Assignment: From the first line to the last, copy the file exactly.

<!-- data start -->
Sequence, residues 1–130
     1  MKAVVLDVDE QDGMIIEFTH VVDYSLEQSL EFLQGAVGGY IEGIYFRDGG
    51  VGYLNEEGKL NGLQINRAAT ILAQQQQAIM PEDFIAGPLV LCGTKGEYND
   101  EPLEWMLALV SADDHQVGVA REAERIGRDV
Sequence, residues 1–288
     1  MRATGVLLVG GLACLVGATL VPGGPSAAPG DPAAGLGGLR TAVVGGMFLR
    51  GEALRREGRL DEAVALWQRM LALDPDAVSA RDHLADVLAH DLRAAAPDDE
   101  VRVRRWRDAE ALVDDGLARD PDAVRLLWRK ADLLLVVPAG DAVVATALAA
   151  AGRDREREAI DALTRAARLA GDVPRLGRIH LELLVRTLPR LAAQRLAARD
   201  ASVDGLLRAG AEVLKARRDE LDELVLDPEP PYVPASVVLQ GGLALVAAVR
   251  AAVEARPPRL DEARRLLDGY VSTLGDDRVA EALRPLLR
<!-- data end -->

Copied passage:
Sequence, residues 1–130
     1  MKAVVLDVDE QDGMIIEFTH VVDYSLEQSL EFLQGAVGGY IEGIYFRDGG
    51  VGYLNEEGKL NGLQINRAAT ILAQQQQAIM PEDFIAGPLV LCGTKGEYND
   101  EPLEWMLALV SADDHQVGVA REAERIGRDV
Sequence, residues 1–288
     1  MRATGVLLVG GLACLVGATL VPGGPSAAPG DPAAGLGGLR TAVVGGMFLR
    51  GEALRREGRL DEAVALWQRM LALDPDAVSA RDHLADVLAH DLRAAAPDDE
   101  VRVRRWRDAE ALVDDGLARD PDAVRLLWRK ADLLLVVPAG DAVVATALAA
   151  AGRDREREAI DALTRAARLA GDVPRLGRIH LELLVRTLPR LAAQRLAARD
   201  ASVDGLLRAG AEVLKARRDE LDELVLDPEP PYVPASVVLQ GGLALVAAVR
   251  AAVEARPPRL DEARRLLDGY VSTLGDDRVA EALRPLLR